Sure, but in order to actually “clog up the bases” the fast runner would have to get a full base *ahead* of where the slow runner would have been. That practically never happens.

jdbolick
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Member
3 months 18 days ago

Huh? No, it doesn’t. “Clogging up the basepaths” would simply mean preventing a runner from achieving a base that he otherwise could have.

Bip
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Member
Bip
3 months 17 days ago

Yeah, you guys realize a faster runner will intentionally hold up if he sees the runner ahead of him cannot advance and free up the next base, right? He’s not going to just keep blindly running.

bostnboy3
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bostnboy3
3 months 17 days ago

This happens pretty regularly.

Slow runner on 3rd, fast runner on 2rd, Somewhat shallow fly ball, runner on 3rd has to hold because he isn’t fast enough to tag up. But a runner with average speed would have scored, allowing the fast runner to take 3rd on the throw home.

So instead of a run home and a runner on 3rd. It’s still runners on 2nd and 3rd because the slow runner didn’t allow anybody to advance a base.

Anon
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Anon
3 months 18 days ago

My first thought was that perhaps Mike Trout was single-handedly driving at least some of that (you know, best or nearly best hitter in baseball and all that), however he was only in the #2 spot for about half the season last year after being the #2 hitter for all of 2014 and half of 2013. It does explain the Angels’ huge drop-off from 2014 to 2015 – Calhoun got most of the rest of the #2 PA last year and put up a 760 OPS. However the overall trend does track at least somewhat with Trout spending a lot of time in the 2 hole – Trout by year (all # are PA):
2012: 639 at #1
2013: 88 at 1, 405 at 2, 223 at 3
2014: 696 at 2, 9 at 3
2015: 346 at 2, 336 at 3
(Interesting note – he has not batted lower than 3rd since his cup of coffee in 2011)

Bip
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Member
Bip
3 months 18 days ago

I’m not sure that I find there is a convincing signal in there given this data. I am perhaps more inclined to believe in it just because I know in general that teams, including on-field management, are moving towards conforming with sabermetric principles. However, given that 1st spot is still the 2nd-weakest of the top 6, and that the 3rd is still clearly the strongest, despite the Book saying it is the 5th most important, tempers my belief that any of this is happening by very very slowly.

Bip
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Bip
3 months 18 days ago

is happening *but* very very slowly.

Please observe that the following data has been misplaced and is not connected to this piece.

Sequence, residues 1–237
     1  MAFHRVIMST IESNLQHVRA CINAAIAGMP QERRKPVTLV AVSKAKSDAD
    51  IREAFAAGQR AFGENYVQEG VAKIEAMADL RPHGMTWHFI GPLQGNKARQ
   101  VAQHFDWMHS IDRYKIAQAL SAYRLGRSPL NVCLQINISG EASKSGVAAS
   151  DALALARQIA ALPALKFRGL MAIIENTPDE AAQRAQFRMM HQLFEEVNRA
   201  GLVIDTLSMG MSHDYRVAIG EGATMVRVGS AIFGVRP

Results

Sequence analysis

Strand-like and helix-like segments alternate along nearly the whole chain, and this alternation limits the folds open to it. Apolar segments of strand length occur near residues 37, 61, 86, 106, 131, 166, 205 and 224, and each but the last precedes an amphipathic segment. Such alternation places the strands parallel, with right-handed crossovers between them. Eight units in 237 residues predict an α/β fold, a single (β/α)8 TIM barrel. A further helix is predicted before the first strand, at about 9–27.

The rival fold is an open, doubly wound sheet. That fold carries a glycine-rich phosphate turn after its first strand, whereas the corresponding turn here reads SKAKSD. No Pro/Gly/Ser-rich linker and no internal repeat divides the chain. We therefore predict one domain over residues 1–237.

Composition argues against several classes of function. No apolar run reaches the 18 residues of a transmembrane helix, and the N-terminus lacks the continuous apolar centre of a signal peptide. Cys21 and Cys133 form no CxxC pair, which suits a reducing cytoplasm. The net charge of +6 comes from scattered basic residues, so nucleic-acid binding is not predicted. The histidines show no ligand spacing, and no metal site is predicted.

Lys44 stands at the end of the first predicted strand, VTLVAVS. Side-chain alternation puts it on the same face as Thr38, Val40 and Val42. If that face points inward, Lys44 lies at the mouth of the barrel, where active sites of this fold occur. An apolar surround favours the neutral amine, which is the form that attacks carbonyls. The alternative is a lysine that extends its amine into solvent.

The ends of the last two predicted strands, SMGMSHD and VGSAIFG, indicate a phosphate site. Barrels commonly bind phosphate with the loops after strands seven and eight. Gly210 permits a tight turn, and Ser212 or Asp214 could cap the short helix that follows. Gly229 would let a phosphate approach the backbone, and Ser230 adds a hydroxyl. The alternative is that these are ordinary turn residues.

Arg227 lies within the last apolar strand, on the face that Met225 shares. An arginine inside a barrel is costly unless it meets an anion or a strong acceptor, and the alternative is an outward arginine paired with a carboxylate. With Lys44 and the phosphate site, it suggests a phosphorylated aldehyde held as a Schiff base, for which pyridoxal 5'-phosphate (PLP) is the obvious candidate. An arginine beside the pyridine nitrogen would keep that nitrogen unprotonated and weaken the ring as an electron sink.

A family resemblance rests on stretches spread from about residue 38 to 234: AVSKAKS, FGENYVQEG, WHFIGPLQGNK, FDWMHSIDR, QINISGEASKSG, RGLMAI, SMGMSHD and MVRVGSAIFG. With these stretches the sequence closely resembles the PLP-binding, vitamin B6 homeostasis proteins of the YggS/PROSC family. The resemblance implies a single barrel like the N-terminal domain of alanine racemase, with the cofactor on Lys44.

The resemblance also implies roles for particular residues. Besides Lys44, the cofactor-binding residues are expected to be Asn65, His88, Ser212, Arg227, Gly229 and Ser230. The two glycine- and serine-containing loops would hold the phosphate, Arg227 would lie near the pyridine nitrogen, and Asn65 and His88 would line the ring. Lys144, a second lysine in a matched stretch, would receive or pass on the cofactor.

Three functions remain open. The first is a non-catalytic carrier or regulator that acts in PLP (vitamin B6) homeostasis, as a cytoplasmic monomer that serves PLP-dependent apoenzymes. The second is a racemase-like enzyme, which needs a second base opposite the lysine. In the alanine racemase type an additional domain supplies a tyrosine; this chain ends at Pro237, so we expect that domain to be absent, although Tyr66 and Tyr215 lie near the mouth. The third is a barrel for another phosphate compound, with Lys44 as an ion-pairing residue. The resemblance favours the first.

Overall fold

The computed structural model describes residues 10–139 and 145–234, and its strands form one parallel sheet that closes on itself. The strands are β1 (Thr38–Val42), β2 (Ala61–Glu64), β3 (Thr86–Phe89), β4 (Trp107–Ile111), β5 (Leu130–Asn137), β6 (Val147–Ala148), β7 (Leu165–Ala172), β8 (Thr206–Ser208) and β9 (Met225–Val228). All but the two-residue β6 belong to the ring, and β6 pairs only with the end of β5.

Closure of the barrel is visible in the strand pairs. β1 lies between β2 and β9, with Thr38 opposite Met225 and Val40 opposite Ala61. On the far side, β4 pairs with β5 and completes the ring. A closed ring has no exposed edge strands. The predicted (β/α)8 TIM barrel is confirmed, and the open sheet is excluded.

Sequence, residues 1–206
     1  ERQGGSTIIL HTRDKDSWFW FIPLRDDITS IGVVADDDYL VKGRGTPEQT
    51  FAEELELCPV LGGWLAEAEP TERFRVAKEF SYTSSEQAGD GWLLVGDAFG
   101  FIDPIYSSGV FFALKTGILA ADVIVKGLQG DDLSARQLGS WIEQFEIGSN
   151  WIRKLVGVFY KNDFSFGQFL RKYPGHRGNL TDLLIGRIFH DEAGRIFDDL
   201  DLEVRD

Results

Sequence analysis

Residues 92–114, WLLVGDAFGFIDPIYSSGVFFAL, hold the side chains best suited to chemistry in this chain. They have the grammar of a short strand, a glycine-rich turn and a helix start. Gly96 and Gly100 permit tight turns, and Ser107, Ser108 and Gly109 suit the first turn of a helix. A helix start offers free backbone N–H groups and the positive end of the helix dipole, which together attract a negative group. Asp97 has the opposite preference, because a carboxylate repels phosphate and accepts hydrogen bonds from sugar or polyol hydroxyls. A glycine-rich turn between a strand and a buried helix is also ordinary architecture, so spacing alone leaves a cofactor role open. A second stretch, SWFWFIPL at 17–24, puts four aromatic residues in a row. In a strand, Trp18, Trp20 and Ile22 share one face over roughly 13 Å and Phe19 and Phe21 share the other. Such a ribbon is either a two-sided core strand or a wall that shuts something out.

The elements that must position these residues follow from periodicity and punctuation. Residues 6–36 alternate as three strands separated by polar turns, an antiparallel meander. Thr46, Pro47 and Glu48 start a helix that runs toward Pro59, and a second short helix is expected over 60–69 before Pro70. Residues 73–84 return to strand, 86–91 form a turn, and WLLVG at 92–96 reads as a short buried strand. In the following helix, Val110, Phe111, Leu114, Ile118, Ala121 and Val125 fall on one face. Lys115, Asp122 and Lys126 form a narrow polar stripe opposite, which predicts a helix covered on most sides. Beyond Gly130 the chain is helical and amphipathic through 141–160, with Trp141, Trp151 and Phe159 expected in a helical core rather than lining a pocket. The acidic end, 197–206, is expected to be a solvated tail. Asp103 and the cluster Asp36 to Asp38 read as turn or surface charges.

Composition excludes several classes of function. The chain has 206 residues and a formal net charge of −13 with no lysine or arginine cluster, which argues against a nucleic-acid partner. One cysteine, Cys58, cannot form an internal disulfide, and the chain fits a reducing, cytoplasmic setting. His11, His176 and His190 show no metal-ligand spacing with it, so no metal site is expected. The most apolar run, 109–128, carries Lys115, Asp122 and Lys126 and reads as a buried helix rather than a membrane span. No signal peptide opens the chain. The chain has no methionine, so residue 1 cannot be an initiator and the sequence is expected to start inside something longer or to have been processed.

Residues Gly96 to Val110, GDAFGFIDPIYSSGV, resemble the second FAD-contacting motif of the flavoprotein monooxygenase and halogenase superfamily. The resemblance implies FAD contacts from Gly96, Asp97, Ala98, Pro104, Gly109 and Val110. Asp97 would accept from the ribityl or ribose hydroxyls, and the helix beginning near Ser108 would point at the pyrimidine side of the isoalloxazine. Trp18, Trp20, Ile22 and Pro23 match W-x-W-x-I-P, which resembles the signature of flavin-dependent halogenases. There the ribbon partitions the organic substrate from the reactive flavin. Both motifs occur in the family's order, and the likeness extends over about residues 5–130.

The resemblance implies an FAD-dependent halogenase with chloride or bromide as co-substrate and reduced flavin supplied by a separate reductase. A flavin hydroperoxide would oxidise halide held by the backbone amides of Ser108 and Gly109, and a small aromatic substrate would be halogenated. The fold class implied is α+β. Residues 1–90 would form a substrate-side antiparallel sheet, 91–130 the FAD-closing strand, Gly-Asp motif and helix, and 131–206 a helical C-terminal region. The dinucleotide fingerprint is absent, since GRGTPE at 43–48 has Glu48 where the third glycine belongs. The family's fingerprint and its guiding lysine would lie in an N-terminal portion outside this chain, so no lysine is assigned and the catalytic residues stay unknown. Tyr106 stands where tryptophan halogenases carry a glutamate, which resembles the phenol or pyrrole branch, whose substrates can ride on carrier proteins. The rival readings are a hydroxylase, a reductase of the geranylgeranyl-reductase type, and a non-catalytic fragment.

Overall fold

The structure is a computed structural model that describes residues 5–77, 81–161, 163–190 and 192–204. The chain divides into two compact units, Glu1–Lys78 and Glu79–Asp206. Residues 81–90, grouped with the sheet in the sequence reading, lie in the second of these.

scooter262
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scooter262
3 months 18 days ago

I don’t want a complete rehashing of the Book (I’ve not read it), but can you give a bit of insight into why the #3 spot in the lineup is only the fifth most important one? From most of the analysis that I’ve read and heard, I was under the impression that the 3rd spot is where you *should* put your best overall hitter.

grandbranyan
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grandbranyan
3 months 18 days ago

The #3 spot in the order comes up significantly more often than any other spot in the order with bases empty & two outs, which is of course the least desirable base/out state from a run expectancy point of view.

bostnboy3
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bostnboy3
3 months 17 days ago

This seems counter-intuitive that the guy hitting after the #1 and #2 hitters would be up more often with 2 out and the bases empty. Could this be *because* team’s have historically been bad at batting order optimization?

If you put your 2 best hitters #1 and #2, wouldn’t the #3 hitter bat with 2 out and nobody on the least? Since nobody else has 2 better hitters directly in front of him?

Jorge Fabregas
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Jorge Fabregas
3 months 18 days ago

The short (and probably over-simplified) reason is that the third hitter often comes up with two outs and no one on, which is not a particularly important situation.

Jorge Fabregas
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Bip
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Bip
3 months 18 days ago

Yeah the idea of the #3 hitter as the most important definitely falls in the “conventional wisdom category.” As linked below, here is the actual order of lineup importance, based on the study: